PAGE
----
Why Anxious Children May be Prone to Lying

liarNo matter what your parenting beliefs or techniques, most parents will agree on one thing: lying is a no-good, dirty-rotten thing to do. Yet some anxious children may be prone to lying, or at least telling a fib or two under certain circumstances. They may not be doing it because they are no-good, dirty-rotten children, but rather because they are afraid.

Link between Anxiety, Fear and Lying

Psychologist Michael G. Conner explains both anxiety and fear can lead to lying, with fear of facing or telling the truth as the underlying reason behind the lie. If an anxious child is afraid of going to school, for example, he or she may lie about feeling ill. Being ill may be less scary in the mind of the child than shamefully admitting a fear of the whole school scene where friends may be scarce and pressure to fit in may be high.

Anxious children can go even further in their avoidance of reality and how they truly feel about themselves by creating lies about anything and everything. They may begin to lie about their actions, their friends and families, their belongings and their abilities. They may say their dad is a superhero, their mom is movie star, they own six ponies, have 600 friends and they can play the piano with a blindfold on.

When Lies Become Chronic and Harmful

While the lies may seem innocent at first, they can rapidly turn harmful. Each lie can plunge a child deeper into a false reality where none of the underlying fears are ever exposed or addressed. Fears and anxiety can morph into phobias, making it tougher and tougher to get along in the outside world.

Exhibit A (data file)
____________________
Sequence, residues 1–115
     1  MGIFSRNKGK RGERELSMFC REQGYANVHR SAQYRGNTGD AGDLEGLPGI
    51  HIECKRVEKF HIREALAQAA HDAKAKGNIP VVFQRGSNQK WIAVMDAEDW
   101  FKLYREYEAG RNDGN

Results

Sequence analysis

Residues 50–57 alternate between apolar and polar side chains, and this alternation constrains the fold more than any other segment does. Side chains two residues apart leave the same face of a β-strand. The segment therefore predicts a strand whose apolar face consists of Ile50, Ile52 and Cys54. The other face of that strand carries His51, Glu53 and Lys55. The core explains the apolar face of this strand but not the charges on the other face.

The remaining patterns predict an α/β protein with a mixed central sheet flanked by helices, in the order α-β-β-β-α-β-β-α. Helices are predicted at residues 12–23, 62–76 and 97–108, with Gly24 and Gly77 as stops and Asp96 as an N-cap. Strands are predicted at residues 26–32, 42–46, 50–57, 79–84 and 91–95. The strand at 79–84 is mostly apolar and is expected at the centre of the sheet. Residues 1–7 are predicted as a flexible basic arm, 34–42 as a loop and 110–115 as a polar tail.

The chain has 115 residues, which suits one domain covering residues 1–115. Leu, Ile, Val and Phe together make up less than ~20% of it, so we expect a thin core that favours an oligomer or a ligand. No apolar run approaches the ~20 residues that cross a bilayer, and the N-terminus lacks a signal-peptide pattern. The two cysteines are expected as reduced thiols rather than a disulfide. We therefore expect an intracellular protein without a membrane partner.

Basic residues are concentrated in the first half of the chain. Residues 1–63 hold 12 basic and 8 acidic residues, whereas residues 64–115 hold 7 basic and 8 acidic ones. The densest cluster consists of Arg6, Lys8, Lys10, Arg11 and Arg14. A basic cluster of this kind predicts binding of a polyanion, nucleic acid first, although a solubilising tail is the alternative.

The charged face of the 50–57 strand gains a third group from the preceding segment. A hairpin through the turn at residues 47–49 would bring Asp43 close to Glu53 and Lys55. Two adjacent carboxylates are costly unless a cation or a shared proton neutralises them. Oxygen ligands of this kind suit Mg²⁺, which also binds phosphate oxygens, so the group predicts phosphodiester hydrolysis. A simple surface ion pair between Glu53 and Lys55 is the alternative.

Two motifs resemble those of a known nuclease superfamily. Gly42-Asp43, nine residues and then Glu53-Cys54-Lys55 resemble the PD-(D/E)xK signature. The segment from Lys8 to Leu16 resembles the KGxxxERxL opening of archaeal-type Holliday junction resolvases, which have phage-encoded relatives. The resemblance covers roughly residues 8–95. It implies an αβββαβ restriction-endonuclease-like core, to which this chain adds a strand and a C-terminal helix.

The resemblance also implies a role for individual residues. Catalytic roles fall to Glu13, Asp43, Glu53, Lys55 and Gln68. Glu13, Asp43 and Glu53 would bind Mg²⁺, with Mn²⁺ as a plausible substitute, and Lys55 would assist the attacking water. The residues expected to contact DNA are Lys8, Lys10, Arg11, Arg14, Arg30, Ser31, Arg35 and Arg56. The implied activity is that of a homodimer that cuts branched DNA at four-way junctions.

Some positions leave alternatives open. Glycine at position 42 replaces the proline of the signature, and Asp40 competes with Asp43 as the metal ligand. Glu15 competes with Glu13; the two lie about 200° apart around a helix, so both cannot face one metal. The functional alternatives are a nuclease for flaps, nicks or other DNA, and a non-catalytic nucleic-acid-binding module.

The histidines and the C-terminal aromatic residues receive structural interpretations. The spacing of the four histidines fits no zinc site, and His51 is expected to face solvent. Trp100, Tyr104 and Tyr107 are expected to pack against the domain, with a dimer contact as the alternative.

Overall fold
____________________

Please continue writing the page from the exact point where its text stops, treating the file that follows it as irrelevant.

If an anxious child is lying to avoid reality, punishment can often make it worse. It, too, neither exposes nor addresses the deeper problem. The only thing it may teach a child is to get better at lying so next time he or she won’t get caught.

What Parents Can Do

If fear seems to be the catalyst behind a child’s lies, several tidbits of info from Psychology Today blogger Jeffrey Bernstein may help.

  • Know your child may not be aware how hurtful lies can be. Explain why lies are typically frowned upon and point out how they can really hurt a relationship and generate mistrust. 
  • Coax out the real reason behind the lies. Encourage your child to disclose the real reason behind the lie, relating to his or her fears by exposing some of your own childhood anxieties. 
  • Point out other ways to deal with fears. Offer up solutions from your own childhood or even adulthood where you dealt with your fears through positive actions. Then brainstorm with your child on positive actions he or she can take when feeling the fears that usually lead to lying. 

Keeping an open door for discussion is another key, letting your child know you’re always available to listen and help deal with fears of any size, shape or type. And then reinforce that coming to you is a much more positive tactic than lying.


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